Category Archives: Economy

2016 Jackson Hole Art Auction Results!

Dean Cornwell (1892–1960) Portrait,1929 oil on canvas 30 x 24 in Sold: $245,700

Dean Cornwell (1892–1960) Portrait,1929 oil on canvas 30 x 24 in Sold: $245,700

I’d certainly buy her if I could. Dean Cornwell’s (1892 -1960) beautiful portrait of a young woman surrounded by American Indian motifs and symbols stole my heart. This painting sold for $245,700. Her story is just one of the hundreds of successful art stories to emerge from 2016’s Jackson Hole Art Auction, which realized over $8,000,000 in sales earlier this month. As always, the auction took place at Jackson Hole’s Center for the Arts, in downtown Jackson, Wyoming, and is a partnership production of the Trailside and Gerald Peters galleries.

This is a quick post; my aim is to get you the sales information as quickly as possible!



Charles M. Russell (1864–1926)
Buffalo Hunting,1894
oil on canvas
20 1/8 x 24 in
Sold: $450,000

unnamed-3N.C. Wyeth (1882–1945)
He Rode Away, Following a Dim Trail Among the Sage, 1909
oil on canvas
38 x 25 in
Sold: $585,000

unnamed-4Maynard Dixon (1875–1946)
Cattle Drive, 1939
mixed media
49 x 36 1/2 in
Sold: $409,500

unnamed-5Walter Ufer (1876–1936)
oil on canvas
31 1/2 x 47 1/4 in
Sold: $374,400

John Clymer (1907–1989)
Moving Camp, 1972
oil on canvas
20 x 40 in
Sold: $380,250

unnamed-7John Clymer (1907–1989)
September, 1972
oil on board
15 x 30 in
Sold: $187,200

Martin Grelle (1954–Present)
Last Trail to Medicine Wheel, 2016
oil and acrylic on linen
40 x 48 in
Sold: $198,900


Friedrich Wilhelm Kuhnert (1865–1926)
Brüllende Löwen
oil on canvas
44 3/4 x 83 1/2 in
Sold: $280,800

marris 6-23 right, 6/23/16, 11:02 AM, 8C, 7704x10681 (0+0), 138%, gustafson less, 1/8 s, R69.1, G56.4, B81.5

Bonnie Marris (1951–Present)
Family Ties, 2016
oil on canvas
36 x 48 in
Sold: $140,400

View all of the Jackson Hole Art Auction’s 2016 sales results at! More local art news coming soon!

As Art and Seasons Turn

"The Connoisseur," by Norman Rockwell.

“The Connoisseur,” by Norman Rockwell. The work appears on American Art Review’s October cover.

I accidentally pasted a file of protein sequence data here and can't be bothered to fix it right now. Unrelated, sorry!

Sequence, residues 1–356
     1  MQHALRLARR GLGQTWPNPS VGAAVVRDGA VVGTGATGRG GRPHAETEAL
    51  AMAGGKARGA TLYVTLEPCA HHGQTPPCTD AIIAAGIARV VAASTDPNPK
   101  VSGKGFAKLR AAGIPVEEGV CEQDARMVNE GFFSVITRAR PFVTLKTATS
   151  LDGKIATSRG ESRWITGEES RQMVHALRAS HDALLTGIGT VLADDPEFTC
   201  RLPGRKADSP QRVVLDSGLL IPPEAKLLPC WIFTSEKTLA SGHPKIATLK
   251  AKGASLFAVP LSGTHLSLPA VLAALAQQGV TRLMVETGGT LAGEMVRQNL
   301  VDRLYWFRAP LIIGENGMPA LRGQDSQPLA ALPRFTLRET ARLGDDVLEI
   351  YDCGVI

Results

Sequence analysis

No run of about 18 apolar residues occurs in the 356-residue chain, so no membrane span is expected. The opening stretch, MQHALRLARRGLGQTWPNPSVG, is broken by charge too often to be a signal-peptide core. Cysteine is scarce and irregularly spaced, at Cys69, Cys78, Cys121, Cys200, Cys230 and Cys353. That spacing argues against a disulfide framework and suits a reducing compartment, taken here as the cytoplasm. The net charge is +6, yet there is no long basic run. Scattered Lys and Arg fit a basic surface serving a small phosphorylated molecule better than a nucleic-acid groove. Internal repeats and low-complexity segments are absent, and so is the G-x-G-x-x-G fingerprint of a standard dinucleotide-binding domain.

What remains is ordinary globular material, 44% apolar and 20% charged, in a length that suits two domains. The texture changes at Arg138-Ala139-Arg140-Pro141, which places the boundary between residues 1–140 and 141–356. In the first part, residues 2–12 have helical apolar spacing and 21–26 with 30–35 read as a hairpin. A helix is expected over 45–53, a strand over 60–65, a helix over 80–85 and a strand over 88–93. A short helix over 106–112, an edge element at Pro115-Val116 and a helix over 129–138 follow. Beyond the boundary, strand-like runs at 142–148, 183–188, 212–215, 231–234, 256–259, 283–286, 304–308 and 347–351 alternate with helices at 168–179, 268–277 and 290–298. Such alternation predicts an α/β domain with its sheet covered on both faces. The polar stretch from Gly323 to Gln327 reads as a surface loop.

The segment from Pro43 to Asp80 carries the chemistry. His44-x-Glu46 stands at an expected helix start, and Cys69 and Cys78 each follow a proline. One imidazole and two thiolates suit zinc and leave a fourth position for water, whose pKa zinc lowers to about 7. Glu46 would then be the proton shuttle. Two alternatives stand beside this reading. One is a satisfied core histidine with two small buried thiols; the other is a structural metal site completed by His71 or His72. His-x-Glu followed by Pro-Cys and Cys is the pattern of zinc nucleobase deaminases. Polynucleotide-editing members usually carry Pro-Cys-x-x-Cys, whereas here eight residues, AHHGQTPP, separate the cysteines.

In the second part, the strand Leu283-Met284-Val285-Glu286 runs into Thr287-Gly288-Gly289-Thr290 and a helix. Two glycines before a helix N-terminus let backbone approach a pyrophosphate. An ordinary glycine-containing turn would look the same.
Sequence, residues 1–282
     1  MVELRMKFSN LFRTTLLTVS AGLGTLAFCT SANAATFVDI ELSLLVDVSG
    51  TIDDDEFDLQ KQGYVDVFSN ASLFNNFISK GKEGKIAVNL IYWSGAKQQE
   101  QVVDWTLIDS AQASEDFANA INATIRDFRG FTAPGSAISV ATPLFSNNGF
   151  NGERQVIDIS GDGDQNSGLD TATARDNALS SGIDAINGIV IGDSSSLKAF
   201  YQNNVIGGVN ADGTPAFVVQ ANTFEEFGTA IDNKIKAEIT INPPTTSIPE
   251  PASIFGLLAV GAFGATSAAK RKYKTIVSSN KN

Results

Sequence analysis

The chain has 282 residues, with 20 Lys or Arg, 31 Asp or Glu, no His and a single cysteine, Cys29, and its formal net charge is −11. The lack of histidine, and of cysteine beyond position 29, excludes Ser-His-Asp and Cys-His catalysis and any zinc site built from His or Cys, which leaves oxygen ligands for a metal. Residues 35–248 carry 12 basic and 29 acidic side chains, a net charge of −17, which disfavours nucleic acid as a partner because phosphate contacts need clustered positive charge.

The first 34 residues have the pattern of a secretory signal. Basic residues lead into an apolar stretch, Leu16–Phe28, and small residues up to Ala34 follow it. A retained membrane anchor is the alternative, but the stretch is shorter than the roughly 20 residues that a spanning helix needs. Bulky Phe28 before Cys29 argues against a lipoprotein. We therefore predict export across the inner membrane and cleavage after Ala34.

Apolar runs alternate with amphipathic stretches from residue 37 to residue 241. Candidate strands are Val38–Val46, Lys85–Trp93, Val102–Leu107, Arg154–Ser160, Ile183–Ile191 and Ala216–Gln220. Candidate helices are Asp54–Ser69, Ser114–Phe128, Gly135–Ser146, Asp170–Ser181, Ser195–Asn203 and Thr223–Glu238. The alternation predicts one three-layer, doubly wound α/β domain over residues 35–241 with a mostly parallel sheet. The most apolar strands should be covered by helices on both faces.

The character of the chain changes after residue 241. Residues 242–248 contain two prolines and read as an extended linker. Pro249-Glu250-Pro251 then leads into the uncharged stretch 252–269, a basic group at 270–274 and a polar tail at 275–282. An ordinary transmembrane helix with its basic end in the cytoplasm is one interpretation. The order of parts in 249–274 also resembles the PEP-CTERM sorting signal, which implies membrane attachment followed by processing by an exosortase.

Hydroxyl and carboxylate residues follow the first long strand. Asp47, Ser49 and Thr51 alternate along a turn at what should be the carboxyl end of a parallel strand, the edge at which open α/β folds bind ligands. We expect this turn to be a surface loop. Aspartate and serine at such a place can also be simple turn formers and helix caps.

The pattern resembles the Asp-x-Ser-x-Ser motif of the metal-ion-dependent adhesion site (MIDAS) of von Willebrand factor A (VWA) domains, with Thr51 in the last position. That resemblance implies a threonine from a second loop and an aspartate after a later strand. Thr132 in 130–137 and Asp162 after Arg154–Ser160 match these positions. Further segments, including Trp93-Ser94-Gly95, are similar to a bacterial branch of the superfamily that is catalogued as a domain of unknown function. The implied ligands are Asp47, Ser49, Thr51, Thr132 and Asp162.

Ahhh. It’s Fall. Lovely.

Soon I’ll be returning to Jackson, and for almost everyone this season is a time of reflection. It’s also a time of “buckling down to work” and transition.

When I’m not reading or writing about Jackson Hole’s art scene, I’m often reading about art in other corners of the world, and quite a bit about art across the country. This entry, I’d like to offer up a few stories that recently caught my eye.

The first concerns plein air painting, and a show about a collection of artists, now deceased, whose works were, in their time, considered excellent. But as their lives came to an end, so did their visibility as artists. The show is “Variations on a Theme: American Painters (1850-2000), opening next month at the Rockport Art Association and Museum in Rockport, Massachusetts.

“It is an unfortunate fact that unless an artist has a gallery or family to keep their name in the forefront of the art world, the bulk of their work can be lost in the mists of time,” writes Judith A. Curtis in the latest edition of “American Art Review.” 

Alexander Bower (1875-1952), Cottage on the River

Alexander Bower (1875-1952), Cottage on the River

This is not currently a big problem for Jackson artists~~(housing is another matter)~~a number of artists who didn’t have representation or were faced with a gallery scene refusing to show their work are now front and center. This is incredible, and perhaps because we, collectively, are the polar opposite of the small New England town’s plight, the article spoke to me.